[image]Match the name of the atmosphere with the number indication its correct location on the diagram. Troposphere is number ...
[image]Match the name of the atmosphere with the number indication its correct location on the diagram.  Mesosphere is number .... 
[image]Match the name of the atmosphere with the number indication its correct location on the diagram. Thermosphere or Ionosphere is number ...
[image]Match the name of the atmosphere with the number indication its correct location on the diagram.  Stratosphere is number ....
[image]Match the name of the atmosphere with the number indication its correct location on the diagram. Exosphere is number ...

Briefly describe the main characteristics of each layer of the atmosphere. 



14-18 km high
all weather happens here
almost all water vapour is in this layer
0° to -90°C
at top of pressure drops to 1/10 sea level pressure

the lowest layer of the atmosphere. This is the layer where most weather takes place. Most thunderstorms don't go much above the top of the troposphere (about 10 km) . In this layer, pressure and density rapidly decrease with height, and temperature generally decreases with height at a constant rate. The change of temperature with height is known as the lapse rate. The standard lapse rate for the troposphere is a decrease of about 6.5 degrees Celsius (C) per kilometer (km) (or about 12 degrees F). Near the surface, the lapse rate changes dramatically from hour to hour on clear days and nights.Sometimes the temperature does not decrease with height, but increases. Such a situation is known as a temperature inversion. Persistent temperature inversion conditions, which represent a stable layer, can lead to air pollution episodes...

The other main characteristic of the troposphere is that it is well-mixed. The name troposphere is derived from the Greek tropein, which means to turn or change. Air molecules can travel to the top of the troposphere (about 10 km up) and back down again in a just a few days. This mixing encourages changing weather.

The troposphere is bounded above by the tropopause, a boundary marked as the point where the temperature stops decreasing with height and becomes constant with height. Any layer where temperature is constant with height is called isothermal. The tropopause has an average height of about 10 km (it is higher in equatorial regions and lower in polar regions). This height corresponds to about 7 miles, or at approximately the 200 mb (20.0 kPa) pressure level. Above the troposphere is the stratosphere.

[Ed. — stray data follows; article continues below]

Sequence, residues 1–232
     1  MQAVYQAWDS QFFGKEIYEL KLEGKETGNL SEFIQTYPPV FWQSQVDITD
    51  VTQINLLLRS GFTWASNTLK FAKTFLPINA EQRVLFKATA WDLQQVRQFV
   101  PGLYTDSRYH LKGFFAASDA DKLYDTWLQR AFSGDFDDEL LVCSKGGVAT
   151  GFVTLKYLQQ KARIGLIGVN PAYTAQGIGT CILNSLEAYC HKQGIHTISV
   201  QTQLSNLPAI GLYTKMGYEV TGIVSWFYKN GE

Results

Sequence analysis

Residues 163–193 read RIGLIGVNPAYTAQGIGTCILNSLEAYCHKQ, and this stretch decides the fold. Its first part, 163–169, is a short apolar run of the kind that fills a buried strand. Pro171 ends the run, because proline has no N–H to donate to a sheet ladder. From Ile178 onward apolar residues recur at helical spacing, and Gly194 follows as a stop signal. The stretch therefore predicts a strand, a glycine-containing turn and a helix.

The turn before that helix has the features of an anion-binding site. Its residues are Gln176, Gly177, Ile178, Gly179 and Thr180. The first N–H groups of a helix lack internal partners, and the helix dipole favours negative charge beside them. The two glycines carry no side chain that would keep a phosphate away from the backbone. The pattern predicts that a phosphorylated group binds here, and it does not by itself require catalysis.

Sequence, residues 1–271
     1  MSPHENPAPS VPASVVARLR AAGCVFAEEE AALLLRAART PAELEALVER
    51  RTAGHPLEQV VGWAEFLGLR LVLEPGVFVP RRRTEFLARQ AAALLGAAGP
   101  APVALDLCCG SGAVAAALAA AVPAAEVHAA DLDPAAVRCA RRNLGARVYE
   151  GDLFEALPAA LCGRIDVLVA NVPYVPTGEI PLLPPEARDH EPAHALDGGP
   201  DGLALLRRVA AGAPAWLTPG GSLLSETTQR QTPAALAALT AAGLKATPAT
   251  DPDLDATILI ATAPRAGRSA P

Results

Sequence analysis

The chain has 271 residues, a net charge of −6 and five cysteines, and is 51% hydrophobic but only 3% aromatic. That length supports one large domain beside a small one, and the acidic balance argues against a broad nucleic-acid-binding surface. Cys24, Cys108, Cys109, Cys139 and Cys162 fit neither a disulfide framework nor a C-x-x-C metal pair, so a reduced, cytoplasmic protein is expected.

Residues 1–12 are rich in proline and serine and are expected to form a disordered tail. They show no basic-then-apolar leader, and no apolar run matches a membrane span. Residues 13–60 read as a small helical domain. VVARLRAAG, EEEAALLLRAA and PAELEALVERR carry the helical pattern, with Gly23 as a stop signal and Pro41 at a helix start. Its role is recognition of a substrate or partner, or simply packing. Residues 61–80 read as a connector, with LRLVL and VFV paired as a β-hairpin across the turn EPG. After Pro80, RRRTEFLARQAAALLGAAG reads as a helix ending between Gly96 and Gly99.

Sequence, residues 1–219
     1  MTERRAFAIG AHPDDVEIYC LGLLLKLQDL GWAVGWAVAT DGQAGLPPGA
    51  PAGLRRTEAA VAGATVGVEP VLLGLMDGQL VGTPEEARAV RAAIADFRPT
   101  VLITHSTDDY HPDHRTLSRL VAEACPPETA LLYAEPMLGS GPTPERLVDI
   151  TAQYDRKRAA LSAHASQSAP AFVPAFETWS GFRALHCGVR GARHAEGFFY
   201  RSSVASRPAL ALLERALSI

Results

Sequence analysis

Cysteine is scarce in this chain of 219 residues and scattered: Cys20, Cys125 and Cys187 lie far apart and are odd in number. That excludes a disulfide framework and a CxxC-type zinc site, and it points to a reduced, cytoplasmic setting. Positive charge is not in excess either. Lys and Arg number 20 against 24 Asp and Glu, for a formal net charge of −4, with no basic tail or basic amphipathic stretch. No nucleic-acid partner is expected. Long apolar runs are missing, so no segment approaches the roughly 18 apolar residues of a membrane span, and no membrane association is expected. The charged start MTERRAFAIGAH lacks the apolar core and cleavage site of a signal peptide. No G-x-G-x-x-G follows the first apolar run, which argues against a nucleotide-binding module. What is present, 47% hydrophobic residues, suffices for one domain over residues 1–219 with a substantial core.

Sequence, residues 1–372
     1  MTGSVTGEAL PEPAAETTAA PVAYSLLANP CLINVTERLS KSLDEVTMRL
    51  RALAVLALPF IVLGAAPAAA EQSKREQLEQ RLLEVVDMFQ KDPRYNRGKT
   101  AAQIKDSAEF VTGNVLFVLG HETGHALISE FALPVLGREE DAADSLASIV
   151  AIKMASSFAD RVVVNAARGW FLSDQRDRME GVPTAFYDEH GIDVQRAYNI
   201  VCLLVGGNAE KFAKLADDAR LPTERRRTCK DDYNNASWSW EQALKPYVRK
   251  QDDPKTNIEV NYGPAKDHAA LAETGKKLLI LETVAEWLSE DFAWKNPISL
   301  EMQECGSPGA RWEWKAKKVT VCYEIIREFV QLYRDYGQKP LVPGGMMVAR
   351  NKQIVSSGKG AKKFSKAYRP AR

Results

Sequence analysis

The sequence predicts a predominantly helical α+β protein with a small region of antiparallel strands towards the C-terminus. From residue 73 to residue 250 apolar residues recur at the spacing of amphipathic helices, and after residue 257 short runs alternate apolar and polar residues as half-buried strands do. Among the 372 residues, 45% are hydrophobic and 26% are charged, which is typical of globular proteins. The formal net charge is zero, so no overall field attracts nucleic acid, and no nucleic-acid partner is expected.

What is the greenhouse effect
The Earth is wrapped in a blanket of air called the 'atmosphere', which is made up of several layers of gases. The sun is much hotter than the Earth and it gives off rays of heat (radiation) that travel through the atmosphere and reach the Earth. The rays of the sun warm the Earth, and heat from the Earth then travels back into the atmosphere. The gases in the atmosphere stop some of the heat from escaping into space.These gases are called greenhouse gases and the natural process between the sun, the atmosphere and the Earth is called the 'Greenhouse Effect', because it works the same way as a greenhouse. The windows of a greenhouse play the same role as the gases in the atmosphere, keeping some of the heat inside the greenhouse.
How can the problem of global warming and the greenhouse effect be corrected over time


By some stroke of providence, every step we need to take to reverse the greenhouse effect is worth doing anyway. Every step is technically possible. Most of them will even save money. Unfortunately for our sense of drama, preventing global climate change need not be a great, grim sacrifice. We are not called upon to save the world. Instead we have an opportunity to build a better one.

Here's a list a list of anti-greenhouse measures, in order of effectiveness, as I heard them presented to an international meeting last month:

- Use energy much more efficiently (which would also cut fuel bills, urban smog, acid rain, oil spills, toxic wastes, and oil imports),

- Phase out chlorofluorocarbons (CFCs) completely and quickly (an international treaty has already mandated a partial phase-out, in order to repair the "ozone hole"),